Our first ever 9 (and probably our last ever 9, let’s be honest) but I have cut that section of my test sheet up and am going to frame it for posterity. Some really nice comments and marks for Sid’s paces and willingness led to a score of 30.8, which is nothing short of a miracle, given my piloting or lack thereof.




We then had a long break until we got to jump, so I tied Sid up and went in search of food. Halfway along this journey, the heavens opened. I had, of course, left most of my belongings uncovered and next to my trailer.


I quickly dashed back, where I threw my already-soaked stuff (and Sid) onto the trailer with more abandon than was probably necessary given its state of saturation.


Leaving Sid to dry off, I went for a nice long course walk in the rain. To my horror, I came across fence two. Not a problem in itself, but it was right alongside a huge trakhener in the hedge line! This will cause me a problem, I thought (ever the optimist).


They had also moved the 90 hanging log in front of the first water to a location between two trees, which was where the 100 jump was that Sid stopped at a few weeks earlier. He was too busy tree-gazing and didn’t realise we were a few feet from the jump. Awkward.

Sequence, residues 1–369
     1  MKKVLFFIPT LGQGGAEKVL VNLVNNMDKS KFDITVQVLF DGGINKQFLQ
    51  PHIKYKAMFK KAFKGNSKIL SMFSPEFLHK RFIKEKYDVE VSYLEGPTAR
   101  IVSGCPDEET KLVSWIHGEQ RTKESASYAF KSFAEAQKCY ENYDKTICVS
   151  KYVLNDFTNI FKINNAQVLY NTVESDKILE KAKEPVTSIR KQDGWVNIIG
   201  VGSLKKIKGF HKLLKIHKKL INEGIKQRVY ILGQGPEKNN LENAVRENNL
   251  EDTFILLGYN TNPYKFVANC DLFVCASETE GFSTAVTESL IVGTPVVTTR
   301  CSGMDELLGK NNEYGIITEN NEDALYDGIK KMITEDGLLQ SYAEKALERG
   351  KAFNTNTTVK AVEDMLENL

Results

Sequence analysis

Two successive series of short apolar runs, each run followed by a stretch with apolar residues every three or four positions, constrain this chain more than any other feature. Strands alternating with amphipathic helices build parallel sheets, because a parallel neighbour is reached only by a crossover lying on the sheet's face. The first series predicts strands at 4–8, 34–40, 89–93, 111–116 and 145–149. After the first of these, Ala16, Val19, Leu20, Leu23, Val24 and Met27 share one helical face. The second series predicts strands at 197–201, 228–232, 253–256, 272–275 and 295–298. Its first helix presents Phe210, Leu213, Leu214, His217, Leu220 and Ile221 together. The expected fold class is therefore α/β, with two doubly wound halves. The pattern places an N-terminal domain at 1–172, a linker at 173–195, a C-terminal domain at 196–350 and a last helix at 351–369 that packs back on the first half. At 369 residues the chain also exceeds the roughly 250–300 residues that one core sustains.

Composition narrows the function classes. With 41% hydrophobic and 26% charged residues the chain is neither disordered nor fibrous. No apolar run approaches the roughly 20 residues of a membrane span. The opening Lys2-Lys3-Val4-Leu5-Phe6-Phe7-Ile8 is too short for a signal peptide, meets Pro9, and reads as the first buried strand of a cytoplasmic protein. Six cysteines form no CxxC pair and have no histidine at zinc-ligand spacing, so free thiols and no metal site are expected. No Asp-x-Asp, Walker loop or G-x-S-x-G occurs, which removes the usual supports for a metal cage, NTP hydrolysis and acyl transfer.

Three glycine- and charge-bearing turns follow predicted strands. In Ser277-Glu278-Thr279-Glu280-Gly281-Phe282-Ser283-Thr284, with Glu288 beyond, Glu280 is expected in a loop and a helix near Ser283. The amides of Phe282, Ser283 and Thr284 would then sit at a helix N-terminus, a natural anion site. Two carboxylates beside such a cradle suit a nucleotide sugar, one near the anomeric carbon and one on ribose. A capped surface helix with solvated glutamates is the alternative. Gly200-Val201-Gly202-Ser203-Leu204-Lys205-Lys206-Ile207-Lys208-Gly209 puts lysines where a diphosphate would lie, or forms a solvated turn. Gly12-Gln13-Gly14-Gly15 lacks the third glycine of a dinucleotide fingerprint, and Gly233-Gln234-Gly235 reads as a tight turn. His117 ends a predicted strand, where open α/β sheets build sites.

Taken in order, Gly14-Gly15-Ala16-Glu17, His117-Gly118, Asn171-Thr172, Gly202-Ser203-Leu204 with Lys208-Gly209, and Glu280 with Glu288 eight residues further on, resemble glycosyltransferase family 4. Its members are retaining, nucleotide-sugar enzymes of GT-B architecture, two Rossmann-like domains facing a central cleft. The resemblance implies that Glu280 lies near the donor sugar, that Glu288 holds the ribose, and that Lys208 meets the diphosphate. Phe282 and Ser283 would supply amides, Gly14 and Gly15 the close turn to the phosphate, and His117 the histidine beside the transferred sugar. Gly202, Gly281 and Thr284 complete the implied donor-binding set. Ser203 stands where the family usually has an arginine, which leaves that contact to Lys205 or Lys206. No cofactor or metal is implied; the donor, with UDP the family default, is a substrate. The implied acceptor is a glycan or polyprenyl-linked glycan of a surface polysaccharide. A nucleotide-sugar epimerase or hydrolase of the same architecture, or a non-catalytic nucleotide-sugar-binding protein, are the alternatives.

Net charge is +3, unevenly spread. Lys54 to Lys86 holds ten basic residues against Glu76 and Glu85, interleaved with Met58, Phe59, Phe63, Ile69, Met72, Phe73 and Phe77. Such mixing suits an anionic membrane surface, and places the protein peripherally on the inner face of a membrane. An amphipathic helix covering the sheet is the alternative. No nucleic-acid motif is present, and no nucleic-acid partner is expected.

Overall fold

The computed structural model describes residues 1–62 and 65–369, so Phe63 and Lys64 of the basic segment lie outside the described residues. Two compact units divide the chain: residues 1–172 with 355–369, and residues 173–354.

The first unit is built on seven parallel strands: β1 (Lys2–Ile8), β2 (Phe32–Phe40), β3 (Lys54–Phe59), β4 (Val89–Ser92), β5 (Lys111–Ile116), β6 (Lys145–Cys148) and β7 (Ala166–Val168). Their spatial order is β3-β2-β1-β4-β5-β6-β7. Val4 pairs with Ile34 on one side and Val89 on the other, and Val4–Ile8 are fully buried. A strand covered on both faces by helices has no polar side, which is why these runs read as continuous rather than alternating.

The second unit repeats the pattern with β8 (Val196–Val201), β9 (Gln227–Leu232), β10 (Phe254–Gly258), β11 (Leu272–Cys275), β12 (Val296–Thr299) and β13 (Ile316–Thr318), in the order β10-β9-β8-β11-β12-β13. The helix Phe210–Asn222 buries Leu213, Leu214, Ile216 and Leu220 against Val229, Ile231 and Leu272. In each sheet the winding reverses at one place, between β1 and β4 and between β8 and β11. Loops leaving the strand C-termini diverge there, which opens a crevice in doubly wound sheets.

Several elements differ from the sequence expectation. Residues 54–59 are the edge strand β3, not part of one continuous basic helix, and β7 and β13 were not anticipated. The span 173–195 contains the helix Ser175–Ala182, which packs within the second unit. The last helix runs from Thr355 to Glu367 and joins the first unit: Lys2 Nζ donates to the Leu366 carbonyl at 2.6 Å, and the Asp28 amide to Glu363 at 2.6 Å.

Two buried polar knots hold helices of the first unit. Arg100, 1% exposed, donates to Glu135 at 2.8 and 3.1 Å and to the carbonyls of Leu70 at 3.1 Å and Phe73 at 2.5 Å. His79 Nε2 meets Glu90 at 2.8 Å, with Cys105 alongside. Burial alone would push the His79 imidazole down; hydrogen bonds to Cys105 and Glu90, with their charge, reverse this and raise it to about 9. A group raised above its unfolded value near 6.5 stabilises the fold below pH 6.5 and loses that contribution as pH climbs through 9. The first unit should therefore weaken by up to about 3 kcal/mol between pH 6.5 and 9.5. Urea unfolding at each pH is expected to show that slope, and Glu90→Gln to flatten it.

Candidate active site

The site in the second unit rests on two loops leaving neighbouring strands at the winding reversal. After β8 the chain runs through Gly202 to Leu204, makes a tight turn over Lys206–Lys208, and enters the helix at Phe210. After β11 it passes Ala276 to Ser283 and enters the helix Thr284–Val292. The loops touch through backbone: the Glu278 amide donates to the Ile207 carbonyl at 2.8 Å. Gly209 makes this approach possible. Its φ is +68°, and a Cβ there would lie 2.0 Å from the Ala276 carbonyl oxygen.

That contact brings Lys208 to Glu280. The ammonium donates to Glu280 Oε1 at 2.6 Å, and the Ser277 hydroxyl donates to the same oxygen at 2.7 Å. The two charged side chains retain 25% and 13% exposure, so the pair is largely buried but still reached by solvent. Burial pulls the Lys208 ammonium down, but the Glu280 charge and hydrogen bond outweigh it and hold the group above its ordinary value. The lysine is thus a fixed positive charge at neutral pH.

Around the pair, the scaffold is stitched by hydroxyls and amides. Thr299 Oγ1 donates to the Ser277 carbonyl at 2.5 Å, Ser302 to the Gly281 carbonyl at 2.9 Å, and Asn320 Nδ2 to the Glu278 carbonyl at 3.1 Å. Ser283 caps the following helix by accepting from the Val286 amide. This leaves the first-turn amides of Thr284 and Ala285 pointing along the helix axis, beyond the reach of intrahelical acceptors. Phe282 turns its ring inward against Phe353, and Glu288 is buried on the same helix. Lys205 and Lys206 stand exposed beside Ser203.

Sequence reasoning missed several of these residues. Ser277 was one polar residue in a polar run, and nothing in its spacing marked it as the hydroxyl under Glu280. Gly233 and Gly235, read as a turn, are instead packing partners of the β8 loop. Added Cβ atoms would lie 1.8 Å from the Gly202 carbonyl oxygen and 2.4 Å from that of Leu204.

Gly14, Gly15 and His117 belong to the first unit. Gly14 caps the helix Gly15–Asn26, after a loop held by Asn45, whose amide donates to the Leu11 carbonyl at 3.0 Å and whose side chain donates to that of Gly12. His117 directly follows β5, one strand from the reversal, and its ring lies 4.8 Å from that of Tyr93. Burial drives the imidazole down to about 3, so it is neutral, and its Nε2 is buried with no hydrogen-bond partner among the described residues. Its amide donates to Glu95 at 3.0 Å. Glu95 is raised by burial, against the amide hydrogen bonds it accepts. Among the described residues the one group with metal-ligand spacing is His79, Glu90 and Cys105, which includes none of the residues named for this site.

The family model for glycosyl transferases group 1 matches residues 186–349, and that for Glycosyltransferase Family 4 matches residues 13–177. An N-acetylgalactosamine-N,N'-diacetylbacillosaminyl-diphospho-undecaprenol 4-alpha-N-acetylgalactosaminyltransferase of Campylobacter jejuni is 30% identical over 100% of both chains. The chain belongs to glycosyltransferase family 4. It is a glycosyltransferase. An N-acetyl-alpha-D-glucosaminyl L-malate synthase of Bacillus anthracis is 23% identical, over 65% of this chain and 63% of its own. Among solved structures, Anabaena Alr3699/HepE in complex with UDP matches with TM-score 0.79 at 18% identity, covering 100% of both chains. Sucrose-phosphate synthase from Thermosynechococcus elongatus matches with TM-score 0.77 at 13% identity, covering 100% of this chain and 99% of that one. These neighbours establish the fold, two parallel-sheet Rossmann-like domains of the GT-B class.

The second water had a triple brush on the way out that was right up against the secretary’s marquee.

By the end of the course walk, I was uncomfortably damp, and I actually thought I might have had more luck doing the 100!


That was not an option, though, so I resigned myself to getting through the showjumping and then seeing how he felt cross country. On the plus side, the ground felt softer (in case of emergency landing).


We tacked up and plodded over to the showjumping warm up for “the fun part”. It always tickles me when the dressage steward says that as you walk away after your test.


To be honest though (and more positive, because I feel like balance is important), Sid felt quite comfortable warming up. The course looked pretty small (makes sense – 90cm is smaller than 100cm) and I headed into the arena with slightly less nausea than normal.


Sid was rather terrified of the gazebos dotted around the edge of the arena, because of course he has encountered several very dangerous gazebos in a past life, but we picked up canter and headed for the first jump.


After a split second where I thought he was going to stop, he leapt over the first and we were off.